THREE'S A CROWD (6)
|The Black-tailed Prairie Dog (Cynomys ludovicianus), is found in the Great Plains of North America from about the USA-Canada border to the USA-Mexico border.|
Unlike some other prairie dogs, these animals do not truly hibernate. The Black-tailed Prairie Dog can be seen aboveground in midwinter.
There is a report of a Black-tailed prairie dog town in Texas that covered 64,000 kmē (25,000 sq mi) and included 400,000,000 individuals. Prior to habitat destruction, this species was probably the most abundant prairie dog in central North America.
This species was one of the animal species described by the Lewis and Clark Expedition in the journals and diaries of their expedition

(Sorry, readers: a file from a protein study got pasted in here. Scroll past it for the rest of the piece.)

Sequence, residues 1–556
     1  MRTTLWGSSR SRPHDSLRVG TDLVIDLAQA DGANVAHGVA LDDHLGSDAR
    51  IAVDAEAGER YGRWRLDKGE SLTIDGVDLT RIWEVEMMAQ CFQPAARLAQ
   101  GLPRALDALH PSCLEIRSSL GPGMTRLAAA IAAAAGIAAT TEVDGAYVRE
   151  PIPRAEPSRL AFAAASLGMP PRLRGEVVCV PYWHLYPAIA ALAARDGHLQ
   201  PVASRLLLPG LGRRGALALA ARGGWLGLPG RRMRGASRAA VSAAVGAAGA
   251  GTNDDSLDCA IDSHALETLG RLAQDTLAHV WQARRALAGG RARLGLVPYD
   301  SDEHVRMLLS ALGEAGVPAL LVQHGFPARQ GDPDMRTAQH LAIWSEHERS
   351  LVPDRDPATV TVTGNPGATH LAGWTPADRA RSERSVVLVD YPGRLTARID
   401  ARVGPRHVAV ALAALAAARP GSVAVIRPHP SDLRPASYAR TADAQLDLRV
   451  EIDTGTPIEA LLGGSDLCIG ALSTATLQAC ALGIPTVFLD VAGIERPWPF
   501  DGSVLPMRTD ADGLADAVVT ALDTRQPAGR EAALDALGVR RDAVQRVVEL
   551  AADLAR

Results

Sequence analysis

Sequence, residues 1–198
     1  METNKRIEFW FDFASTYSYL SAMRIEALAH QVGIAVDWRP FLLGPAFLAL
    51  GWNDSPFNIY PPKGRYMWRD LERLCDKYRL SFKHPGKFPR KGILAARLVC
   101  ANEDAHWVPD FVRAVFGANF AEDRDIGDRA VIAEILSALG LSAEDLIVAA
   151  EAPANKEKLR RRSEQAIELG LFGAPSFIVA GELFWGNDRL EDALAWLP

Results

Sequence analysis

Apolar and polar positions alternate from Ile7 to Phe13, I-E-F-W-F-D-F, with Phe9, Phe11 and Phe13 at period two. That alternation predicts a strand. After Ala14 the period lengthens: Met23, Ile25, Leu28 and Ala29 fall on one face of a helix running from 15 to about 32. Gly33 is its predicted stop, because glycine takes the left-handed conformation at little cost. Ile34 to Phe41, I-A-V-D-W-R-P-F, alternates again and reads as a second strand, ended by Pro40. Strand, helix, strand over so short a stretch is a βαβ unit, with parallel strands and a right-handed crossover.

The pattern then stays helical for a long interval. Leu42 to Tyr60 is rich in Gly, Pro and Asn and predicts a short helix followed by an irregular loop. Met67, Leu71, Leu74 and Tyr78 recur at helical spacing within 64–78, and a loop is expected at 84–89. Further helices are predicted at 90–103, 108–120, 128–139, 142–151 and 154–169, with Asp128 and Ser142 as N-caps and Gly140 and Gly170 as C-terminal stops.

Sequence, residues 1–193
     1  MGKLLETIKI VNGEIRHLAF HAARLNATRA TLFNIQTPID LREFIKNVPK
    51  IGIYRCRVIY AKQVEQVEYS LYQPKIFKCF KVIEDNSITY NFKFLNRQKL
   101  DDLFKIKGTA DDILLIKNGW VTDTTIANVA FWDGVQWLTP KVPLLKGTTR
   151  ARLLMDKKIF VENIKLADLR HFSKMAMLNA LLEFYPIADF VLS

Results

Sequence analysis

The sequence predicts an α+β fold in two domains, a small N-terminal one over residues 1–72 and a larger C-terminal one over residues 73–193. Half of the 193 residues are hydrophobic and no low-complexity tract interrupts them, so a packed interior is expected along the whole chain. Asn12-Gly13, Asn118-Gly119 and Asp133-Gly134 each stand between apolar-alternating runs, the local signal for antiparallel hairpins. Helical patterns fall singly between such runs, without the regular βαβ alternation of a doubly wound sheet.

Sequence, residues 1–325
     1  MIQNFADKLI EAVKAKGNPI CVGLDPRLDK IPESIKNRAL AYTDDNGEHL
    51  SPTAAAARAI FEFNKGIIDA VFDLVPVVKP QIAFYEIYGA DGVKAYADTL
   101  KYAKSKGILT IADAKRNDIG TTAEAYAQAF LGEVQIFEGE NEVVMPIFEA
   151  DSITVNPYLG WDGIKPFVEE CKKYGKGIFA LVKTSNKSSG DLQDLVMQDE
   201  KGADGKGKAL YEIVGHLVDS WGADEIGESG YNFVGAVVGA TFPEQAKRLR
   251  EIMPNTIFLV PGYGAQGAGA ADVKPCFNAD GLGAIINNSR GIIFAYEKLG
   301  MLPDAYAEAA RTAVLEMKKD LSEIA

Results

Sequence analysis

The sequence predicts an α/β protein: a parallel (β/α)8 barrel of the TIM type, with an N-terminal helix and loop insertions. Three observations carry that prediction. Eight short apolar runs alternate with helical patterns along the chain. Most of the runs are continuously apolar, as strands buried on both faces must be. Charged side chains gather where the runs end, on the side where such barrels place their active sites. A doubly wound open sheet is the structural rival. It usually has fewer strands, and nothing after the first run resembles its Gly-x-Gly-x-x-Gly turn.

Black-tailed Prairie Dogs are generally tan in color, with a lighter colored belly. Their tail has a black tip on it, which is where their name is derived from. Adults can weigh from 1.5 to 3 lb, males are typically heavier than females. Body length is normally from 11 to 13 inches, with a 3 to 4 inch tail. They have small ears, but keen hearing, and small, dark eyes, with good vision.
Black-tailed prairie dogs are frequently exterminated from ranchland, being labelled as a pest. Their habitat has been fragmented, and their numbers have been greatly reduced. The United States Fish and Wildlife Service determined that they were a species that warranted a recovery plan and protection as an endangered species, but there are currently no plans to do so
Black-tailed prairie dogs were the most prairie dog species collected from the wild for the exotic pet trade until they were banned in 2003. Prairie dogs in captivity at the time of the ban are allowed to be possessed under a grandfather clause, no more may be caught, traded, or sold, and transport is only permitted to and from a veterinarian under proper quarantine procedures
From Wikipedia, the free encyclopedia.
Taken at twycross zoo